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The Liberals and the Way Forward for Canada

Posted on August 30, 2011

After reading an article on the Huffington Post by Raymond Heard, former communications director to John Turner, Leader of the Opposition, 1986-1990, I felt compelled to comment on the article and the state of the Liberal Party of Canada.

Mr. Heard’s article doesn’t speak about mergers at all. He mentions that Liberals have to come together to create an idea or project that we all have to buy into, to re-engage the electorate, to build a stronger Canada to make a comeback, like the three people he had mentioned.

If we are all just taxpayers, instead of voters, obviously Canadians will vote for the party that promises the lowest taxes, and let us fend for ourselves.

What the Canada 150 conferences were for was to have Liberals and other participants get together to craft a policy which make Canada a better place, and it will be the Liberals’ job to sell that dream to the Canadian electorate.

I think Mr. Rae is on track when he says it’s all about “Jobs Jobs Jobs, and not Cuts, Cuts, Cuts” this has to be OUR mantra for the foreseeable future, and not let any media outlet or rogue MP or disgruntled NDP’er or CPC press secretary change our message from that.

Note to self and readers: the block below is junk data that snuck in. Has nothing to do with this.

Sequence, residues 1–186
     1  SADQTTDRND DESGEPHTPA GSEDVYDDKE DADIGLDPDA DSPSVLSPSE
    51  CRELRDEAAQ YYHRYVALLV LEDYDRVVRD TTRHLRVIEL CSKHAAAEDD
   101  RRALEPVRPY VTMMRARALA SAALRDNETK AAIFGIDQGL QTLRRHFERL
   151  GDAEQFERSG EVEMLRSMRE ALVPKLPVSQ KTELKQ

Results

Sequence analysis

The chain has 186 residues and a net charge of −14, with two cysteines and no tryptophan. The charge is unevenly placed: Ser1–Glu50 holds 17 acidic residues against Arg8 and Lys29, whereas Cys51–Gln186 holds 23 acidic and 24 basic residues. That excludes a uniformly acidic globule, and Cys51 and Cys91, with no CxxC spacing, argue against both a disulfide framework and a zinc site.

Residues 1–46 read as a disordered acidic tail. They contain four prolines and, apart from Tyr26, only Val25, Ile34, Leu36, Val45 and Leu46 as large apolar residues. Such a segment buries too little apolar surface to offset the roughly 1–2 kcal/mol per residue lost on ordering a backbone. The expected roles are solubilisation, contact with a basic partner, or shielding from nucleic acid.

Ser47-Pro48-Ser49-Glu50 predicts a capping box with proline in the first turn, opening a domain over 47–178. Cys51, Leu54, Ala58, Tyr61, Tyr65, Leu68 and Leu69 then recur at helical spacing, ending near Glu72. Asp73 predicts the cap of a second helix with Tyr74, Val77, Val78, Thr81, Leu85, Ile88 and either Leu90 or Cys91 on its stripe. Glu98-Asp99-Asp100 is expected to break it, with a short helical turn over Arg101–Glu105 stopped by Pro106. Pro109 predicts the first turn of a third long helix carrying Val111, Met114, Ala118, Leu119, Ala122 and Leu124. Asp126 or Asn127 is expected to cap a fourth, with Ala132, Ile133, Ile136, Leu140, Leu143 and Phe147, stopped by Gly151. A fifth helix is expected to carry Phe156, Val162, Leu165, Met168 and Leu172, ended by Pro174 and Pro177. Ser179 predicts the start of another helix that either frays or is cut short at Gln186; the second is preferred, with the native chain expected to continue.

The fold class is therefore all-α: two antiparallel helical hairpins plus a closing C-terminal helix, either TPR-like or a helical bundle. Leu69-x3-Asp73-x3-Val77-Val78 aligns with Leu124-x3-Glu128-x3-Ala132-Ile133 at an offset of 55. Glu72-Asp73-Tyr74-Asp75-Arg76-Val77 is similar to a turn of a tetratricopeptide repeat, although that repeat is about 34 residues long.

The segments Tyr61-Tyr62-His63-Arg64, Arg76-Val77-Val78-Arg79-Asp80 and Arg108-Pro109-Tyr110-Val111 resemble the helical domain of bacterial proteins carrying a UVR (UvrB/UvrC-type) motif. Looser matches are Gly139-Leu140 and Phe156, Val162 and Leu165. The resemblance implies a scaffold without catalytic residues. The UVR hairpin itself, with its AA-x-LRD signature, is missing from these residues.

Excerpt from Mr. Heard’s article:
So, what has to be done to build a stronger Canada? I have these bold-stroke proposals. They can be fleshed out in the 18 months before we elect a leader.

First, instead of depending on our very profitable legacy of being hewers of wood and drawers of water for the Americans, we have to develop a policy to compete more effectively in the borderless knowledge economy. Access to the Internet has to be the right of every Canadian, regardless of origin or income, period.

Second, the governance of public and private enterprises must be made more transparent, open and accessible to Canadians. The all-knowing imperial imperial prime minister-ship that regards parliament as an irritating irrelevancy has to be de-fanged.

Third, the Liberal Party must offer new ideas responsibly to exploit our most precious resources, water and energy.

Finally, and perhaps most importantly, we have to develop new policies to enhance our crumbling infrastructure, which will initially cost $200-billion. Europe, whose shared economy is more fragile than ours, is doing that. Why can’t we?

If China and Europe can build high-speed trains, modern highways, harbours and airports, why can’t we? This process of infrastructure renewal could begin with a job-creating Quebec City-Windsor super train, linked to the project Barack Obama plans for the northeast United States.

But, you object, all this would cost the Treasury too much . The answer is that a public-private investment bank, in which the government would be a 25 per cent stakeholder, could pay for it. It could make a profit, too, just as the St. Lawrence Seaway did in the era of our grand-parents.


So, I would like to charge you, as readers of this blog, what projects would you like us to promote, to bring Canada back to the greatness that we all deserve? Join the conversation below.

Gary Martin,
Lambton-Kent-Middlesex Federal Liberal Association.

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